I have spent more summers sweltering in a Seville heatwave than I can remember. Many of them as a student when air con was not an affordable option – and latterly, working through the baking heat of a southern Spanish summer. Thankfully with the benefit of in-house air conditioning.
Add to that a string of holiday trips to Ibiza staying when family lived on the island, and I feel well qualified to advise on coping with the most extreme summer conditions.
Andalucia – south west Spain – has long suffered summer heatwaves, but it is clear that climate change is magnifying the problem. Temperatures are rising earlier in the season and staying high for longer. Residents flee to the beach if they can. If you’re planning a summer trip to the heatwave zone, what coping measures can you take to beat the heat?
Read on for my tips on coping with a summer heatwave…
Tiles beat wood
When booking, if possible choose accommodation with chill ceramic tiled floors rather than wooden flooring, which retains and radiates heat. Spanish people traditionally use rugs rather than fitted carpets, rolling them out during the winter then stashing them away during the hotter summer months.
The temperature difference between one year when we rented an apartment in central Seville with tiled floors, and the following year when we had parquet underfoot, was immense.
Furnishings absorb heat, so think minimalistic if you are fitting out your own place.
Air con and ceiling fans
Air conditioning is a must-have. Temperatures regularly top 40 degC during the day in Seville in the summer, dropping to low to mid 20s at night – if you’re lucky. Without air con you will get nothing done and will find sleeping difficult.
Some rental agencies cap power costs, so in a seriously hot spell, be warned that you may be charged extra if you over-use the air conditioning. Always switch it off or turn it down low when you go out. See below for more tips on staying cool with minimal air con.
Ceiling fans in bedrooms are a genius way to reduce your reliance on the a/c unit. A sweep of moving air from a ceiling fan is surprisingly refreshing in a heatwave and will mean you can either turn the air con right down or switch it off completely at night. Good for your pocket and the environment.
An apartment or room on a higher floor will catch more breeze, as will outside windows or balconies. In southern Spain, especially in cities like Seville, many properties are built to the traditional central patio layout. Access to external and internal airways gives access to a through breeze, helping suck cooler air into your living space at night when lower temperatures allow you to open windows. On which note…
Close and shutter windows during the day
Keep a close watch on the temperature and make sure you do not open windows until the heat drops outside (ie at night – and often not until very late at night). Equally, close all windows and shutters / curtains / blinds as soon as the sun comes round and it starts to feel warmer outside than in.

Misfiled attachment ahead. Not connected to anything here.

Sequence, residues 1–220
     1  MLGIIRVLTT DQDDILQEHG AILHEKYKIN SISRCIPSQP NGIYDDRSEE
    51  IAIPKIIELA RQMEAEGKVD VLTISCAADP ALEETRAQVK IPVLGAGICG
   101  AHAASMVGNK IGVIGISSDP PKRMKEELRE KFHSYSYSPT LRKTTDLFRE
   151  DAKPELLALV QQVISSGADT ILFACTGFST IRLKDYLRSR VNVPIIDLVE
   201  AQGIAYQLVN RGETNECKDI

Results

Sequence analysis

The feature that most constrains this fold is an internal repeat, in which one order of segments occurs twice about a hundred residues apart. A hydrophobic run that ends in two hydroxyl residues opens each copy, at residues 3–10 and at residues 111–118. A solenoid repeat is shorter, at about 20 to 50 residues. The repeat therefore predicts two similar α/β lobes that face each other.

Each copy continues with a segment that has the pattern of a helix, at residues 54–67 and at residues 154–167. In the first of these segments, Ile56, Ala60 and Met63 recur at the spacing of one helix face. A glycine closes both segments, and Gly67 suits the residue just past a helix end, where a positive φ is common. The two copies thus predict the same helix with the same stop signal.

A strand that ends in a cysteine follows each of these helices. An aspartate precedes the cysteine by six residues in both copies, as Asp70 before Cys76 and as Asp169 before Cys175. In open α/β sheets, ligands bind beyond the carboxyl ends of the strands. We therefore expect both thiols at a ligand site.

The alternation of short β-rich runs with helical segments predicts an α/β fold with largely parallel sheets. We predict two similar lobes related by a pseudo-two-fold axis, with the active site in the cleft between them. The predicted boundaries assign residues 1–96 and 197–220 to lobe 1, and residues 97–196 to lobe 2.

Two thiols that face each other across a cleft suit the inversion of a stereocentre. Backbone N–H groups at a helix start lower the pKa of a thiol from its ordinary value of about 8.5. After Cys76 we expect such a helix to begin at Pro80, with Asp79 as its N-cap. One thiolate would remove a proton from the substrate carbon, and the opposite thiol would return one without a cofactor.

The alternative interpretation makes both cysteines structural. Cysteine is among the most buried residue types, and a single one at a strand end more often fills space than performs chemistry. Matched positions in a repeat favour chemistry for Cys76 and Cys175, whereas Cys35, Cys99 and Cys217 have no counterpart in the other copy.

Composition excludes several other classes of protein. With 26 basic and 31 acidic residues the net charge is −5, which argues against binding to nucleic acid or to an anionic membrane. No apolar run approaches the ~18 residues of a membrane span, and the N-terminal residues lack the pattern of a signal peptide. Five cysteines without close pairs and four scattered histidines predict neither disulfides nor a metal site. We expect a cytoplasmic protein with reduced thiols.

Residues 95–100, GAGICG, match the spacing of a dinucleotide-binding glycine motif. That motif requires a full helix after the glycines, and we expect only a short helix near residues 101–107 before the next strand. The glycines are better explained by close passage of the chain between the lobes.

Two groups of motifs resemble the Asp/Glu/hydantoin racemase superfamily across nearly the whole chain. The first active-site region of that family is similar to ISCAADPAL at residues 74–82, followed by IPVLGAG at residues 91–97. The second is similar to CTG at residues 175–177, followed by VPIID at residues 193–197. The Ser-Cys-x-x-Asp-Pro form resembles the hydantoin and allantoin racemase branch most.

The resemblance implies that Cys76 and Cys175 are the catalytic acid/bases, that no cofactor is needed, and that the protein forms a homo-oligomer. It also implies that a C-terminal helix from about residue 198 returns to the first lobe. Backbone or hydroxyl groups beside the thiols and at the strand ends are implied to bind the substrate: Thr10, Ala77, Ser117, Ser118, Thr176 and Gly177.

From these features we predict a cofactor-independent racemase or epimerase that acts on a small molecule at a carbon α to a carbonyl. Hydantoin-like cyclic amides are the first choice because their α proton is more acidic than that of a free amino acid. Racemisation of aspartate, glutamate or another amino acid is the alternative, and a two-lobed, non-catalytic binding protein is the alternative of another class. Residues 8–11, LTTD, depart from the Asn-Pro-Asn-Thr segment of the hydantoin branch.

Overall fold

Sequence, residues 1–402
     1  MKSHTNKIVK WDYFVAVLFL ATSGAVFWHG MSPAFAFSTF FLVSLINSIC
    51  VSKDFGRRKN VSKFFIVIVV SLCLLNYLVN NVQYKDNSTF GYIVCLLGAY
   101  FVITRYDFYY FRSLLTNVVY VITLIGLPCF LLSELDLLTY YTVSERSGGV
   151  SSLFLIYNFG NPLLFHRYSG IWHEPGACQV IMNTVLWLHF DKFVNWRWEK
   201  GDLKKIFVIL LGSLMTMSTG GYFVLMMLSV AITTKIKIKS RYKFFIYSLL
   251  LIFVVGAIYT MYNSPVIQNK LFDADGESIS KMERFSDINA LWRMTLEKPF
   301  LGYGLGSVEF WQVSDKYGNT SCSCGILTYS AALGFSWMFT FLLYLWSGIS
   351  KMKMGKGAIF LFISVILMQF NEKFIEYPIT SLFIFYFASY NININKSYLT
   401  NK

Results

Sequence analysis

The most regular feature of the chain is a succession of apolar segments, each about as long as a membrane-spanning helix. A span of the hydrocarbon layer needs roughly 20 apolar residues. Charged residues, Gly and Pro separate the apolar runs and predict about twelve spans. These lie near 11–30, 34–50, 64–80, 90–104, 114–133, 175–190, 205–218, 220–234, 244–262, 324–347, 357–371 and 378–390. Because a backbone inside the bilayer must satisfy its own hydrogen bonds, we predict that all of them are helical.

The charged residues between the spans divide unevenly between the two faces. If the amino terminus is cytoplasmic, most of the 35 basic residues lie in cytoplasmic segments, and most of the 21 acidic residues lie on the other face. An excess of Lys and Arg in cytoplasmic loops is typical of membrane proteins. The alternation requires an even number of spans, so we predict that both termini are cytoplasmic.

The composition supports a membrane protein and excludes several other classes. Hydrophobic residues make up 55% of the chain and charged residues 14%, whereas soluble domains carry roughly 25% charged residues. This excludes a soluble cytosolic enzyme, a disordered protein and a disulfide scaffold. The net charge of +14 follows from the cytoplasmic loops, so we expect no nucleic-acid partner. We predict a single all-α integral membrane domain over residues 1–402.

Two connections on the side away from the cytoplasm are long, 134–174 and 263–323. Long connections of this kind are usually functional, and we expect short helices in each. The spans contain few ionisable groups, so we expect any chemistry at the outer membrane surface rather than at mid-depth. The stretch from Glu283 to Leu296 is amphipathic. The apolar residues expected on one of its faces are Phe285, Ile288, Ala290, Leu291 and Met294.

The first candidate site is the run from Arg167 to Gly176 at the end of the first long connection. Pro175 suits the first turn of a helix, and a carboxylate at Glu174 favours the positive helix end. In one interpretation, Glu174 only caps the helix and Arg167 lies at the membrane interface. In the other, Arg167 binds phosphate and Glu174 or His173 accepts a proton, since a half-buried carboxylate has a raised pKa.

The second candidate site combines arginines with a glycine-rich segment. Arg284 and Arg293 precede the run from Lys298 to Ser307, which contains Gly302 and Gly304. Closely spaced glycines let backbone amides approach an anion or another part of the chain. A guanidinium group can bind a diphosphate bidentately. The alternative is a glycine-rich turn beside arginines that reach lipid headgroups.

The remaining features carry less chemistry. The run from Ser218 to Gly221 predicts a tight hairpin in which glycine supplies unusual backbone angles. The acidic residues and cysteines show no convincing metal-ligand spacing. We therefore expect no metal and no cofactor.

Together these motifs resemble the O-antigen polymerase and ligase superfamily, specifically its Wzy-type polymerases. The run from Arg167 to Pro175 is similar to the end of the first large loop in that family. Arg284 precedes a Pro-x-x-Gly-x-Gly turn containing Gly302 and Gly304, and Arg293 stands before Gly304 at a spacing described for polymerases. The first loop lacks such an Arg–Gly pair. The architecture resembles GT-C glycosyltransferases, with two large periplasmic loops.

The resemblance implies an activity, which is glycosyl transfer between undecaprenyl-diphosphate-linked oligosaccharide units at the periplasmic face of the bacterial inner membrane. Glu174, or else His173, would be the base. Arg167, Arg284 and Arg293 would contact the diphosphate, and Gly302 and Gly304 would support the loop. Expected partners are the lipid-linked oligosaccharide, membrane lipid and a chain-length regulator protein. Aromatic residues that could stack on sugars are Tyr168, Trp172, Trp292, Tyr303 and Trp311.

The aim is to keep the ambient interior temperature low. Hot sun shining on floors and furniture will turn your inside space into a radiator. Keep it out to prevent your living space from heating up and don’t open up until the external temperature feels equal to or cooler than the air indoors.
Swerve the stove
My Spanish friends use their ovens for storage rather than cooking during the summer months. Fancy a roast chicken? Buy it from the ‘asador’ rotisserie shop on the corner (very common in Spain).
Eat salads, buy ready cooked food rather than cooking it yourself. Even better, eat out. Away from tourist spots, bar food is pretty low-cost in Spain compared with the UK. Tapas and a cold beer or a glass of tinto de verano (chilled red wine with soda water and ice) are a wonderful way to cool down.
Live like a local
Get up early and do your exercise / chores / tourist stuff first thing. Retire to the shade during the hottest part of the day : from 1pm until late afternoon. Emerge once things start to cool down and, in the city, don’t even start start thinking about dinner until around 9.30pm. Spanish people tend to socialise until late and rest up during the heat of the afternoon when (almost) everything shuts down. It works!
Got a rooftop terrace in your property? Consider sleeping up there in the open air on the hottest nights, bugs and noise permitting. I have spent many nights sleeping al fresco during Seville’s summer season. Being so far south, the sun rises later than in the UK so daybreak does not come too soon.
If you have air con, switch it on before you go to bed to cool down the room before you enter, turn it up a couple of degrees once you’re in bed then set the timer for it to go off once you’re asleep. If you wake up hot, you can always re-set it then.
Take a cool shower before you go to bed and wet your hair. A cold, damp face cloth or hand towel on your tummy, chest or forehead is also extremely effective if you’re feeling hot and bothered in bed.
If you need a duvet, you’ve got the air con set too low.
Keep your cool
Slow down your pace, don’t over-face yourself with ambitious plans to get too much done and schedule in trips to air-conditioned locations like a department store, destination hotel, supermarket or museum. Pit-stops in the cool will help you cope with the heat.
Finally, however hot it gets, away from resorts, dress appropriately. Cool loose clothing will keep the sun off your skin and help air circulate around your body. In the summer months, you will not need a cardi / hoodie or jacket – save space in your luggage and don’t even bother packing one. Instead, take a light shawl or pashmina which packs away to almost nothing and is perfect to drape round your shoulders if you need to enter a church or fiercely air-conditioned environment.